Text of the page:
Well in some part that’s because I get easily frustrated with lazy journalism and all too familiar narratives that surrounds not just Iran but the Middle East in general. I have written in depth about this in my introduction to absence compilation and in response to an article in Cyclic Defrost. I must say it’s not that hard to do some real research, not just about the artists, but about what is really going here beyond what news and the media tells you. The thing that worries me the most these days is that the same thing that happened to the underground rock and post-punk scene of Iran some years ago happens to us. Situations like ours are really easy to abuse, and when the gold diggers and film festival winners are done getting their prizes for “finding the heart-breaking untold story of two Iranians in their country and how we came to the rescue”, the only people who are left in the cold and hurt are the people who had the most difficulty creating the scene and the music.

Growing up in Iran, what kind of music were you exposed to or brought up on? How do you think that influenced the direction you’ve taken in the music you now produce?

As a child I was bound to listen what my parents were listening to, which was mostly traditional Iranian music, classical music and some pop. But things got serious for when I got into metal music mostly bands like Black Sabbath and Metallica. There was also a lot of interest in progressive rock around me so I listened to a lot of Pink Floyd, King Crimson and Eloy etc… As I became a little older I got into jazz and then certain contemporary composers through a friend who had a huge collection of ECM Records’ CDs which I devoured at the same time I was listening to Black Metal and other extreme metal genres. Since I was fifteen my interest in classical music has dragged me into many interesting eras of music history which I enjoy and often study carefully but mostly music of early renaissance and late medieval period. It was in my last year of high school that I got into Massive Attack and it opened up a whole new world for me, I started digging more and more into the electronic music world and the search still continues. What I want to say by all of the things above is that most of the music that made their way in my daily listening experience and have stayed with me one way or another continue to influence me in many ways, I like to try out different combinations of different types of these genres and musics in my own music as sort of a remix of different parts of my listening experience every time I do an album. Searching for new music is now a daily activity for me.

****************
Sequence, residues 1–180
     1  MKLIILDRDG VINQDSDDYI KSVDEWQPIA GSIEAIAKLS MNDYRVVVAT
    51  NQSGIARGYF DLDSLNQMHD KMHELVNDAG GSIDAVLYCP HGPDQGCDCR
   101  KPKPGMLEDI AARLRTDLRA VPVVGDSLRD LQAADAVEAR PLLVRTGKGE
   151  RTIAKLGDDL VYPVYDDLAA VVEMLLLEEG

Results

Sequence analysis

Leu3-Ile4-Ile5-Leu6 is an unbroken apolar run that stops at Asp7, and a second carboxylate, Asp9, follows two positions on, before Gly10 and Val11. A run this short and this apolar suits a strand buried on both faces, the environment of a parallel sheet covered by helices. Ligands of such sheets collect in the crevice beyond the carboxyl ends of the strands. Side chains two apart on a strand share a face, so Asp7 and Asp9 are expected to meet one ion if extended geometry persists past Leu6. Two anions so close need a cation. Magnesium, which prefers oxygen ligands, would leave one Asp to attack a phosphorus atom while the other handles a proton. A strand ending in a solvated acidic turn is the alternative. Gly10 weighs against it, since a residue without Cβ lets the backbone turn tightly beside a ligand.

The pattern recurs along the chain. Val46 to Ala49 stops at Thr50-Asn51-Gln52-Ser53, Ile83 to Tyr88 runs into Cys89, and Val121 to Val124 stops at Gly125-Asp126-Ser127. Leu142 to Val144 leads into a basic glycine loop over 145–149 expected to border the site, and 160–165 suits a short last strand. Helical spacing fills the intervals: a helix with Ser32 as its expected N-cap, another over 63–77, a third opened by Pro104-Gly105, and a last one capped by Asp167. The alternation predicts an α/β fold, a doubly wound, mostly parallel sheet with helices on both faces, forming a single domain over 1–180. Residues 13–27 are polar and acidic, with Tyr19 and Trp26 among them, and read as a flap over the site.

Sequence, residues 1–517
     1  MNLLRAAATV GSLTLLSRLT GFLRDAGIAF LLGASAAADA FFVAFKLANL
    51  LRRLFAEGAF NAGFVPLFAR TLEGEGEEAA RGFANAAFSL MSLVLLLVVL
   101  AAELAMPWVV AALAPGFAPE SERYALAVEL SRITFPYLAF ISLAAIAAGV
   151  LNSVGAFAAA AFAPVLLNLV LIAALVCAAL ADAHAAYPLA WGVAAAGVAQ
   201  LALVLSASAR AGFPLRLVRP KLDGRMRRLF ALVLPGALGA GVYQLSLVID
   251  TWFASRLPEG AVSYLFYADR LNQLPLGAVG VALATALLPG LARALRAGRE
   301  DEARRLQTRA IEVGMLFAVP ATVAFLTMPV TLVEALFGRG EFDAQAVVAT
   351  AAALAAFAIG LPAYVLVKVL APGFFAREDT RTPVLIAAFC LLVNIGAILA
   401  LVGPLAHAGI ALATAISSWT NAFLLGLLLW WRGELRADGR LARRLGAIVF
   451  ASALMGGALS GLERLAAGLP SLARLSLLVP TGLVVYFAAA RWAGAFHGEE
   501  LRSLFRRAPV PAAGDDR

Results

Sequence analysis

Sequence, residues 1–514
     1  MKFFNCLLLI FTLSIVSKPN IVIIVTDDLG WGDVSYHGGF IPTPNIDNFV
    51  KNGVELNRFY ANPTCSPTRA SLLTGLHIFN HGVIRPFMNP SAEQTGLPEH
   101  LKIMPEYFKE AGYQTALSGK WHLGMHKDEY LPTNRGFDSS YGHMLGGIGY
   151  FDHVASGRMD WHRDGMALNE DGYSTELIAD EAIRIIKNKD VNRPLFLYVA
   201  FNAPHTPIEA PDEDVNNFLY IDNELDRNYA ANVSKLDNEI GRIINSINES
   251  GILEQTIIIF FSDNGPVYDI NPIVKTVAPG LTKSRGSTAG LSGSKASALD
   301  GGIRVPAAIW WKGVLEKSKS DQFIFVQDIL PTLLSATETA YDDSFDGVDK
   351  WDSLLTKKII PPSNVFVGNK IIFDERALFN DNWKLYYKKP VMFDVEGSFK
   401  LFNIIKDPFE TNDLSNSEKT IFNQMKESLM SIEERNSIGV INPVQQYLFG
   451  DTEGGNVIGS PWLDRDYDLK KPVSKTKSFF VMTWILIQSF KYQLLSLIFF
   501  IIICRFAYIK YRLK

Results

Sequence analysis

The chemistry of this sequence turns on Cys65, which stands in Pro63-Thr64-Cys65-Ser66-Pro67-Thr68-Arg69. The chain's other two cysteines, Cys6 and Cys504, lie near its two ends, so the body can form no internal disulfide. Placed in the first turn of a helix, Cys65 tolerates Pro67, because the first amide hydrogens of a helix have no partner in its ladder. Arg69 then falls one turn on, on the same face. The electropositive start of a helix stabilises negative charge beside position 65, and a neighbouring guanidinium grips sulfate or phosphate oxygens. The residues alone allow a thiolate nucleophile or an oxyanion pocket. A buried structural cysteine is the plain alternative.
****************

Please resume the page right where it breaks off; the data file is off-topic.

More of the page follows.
Your early records had strong literary references in them: the poems of T.S Eliot; the prose of Dostoevsky: how important is text on your sound? Do they ground them thematically or are they more suggestive?

It really depends on the project, but all my solo albums have in one way or another have something to do with a literary text, Sometimes I use the images and the feel of the text to my advantage, other times I like to make my own narratives out of them, for example for “What Wind Whispered To The Trees” I was searching for personal narrative between the work of Dostoevsky and the movie The Mirror by Tarkovsky. However there have been times that a musical idea and image from a poem and a concept from philosophy crossed paths in my mind and I think these are rare moments of coincidence or maybe your subconscious telling you something. All I can say at this point is that literature and philosophy have the same importance for me as musical ideas when creating music, that’s why I can’t do just albums that are collection of things I did in the past month.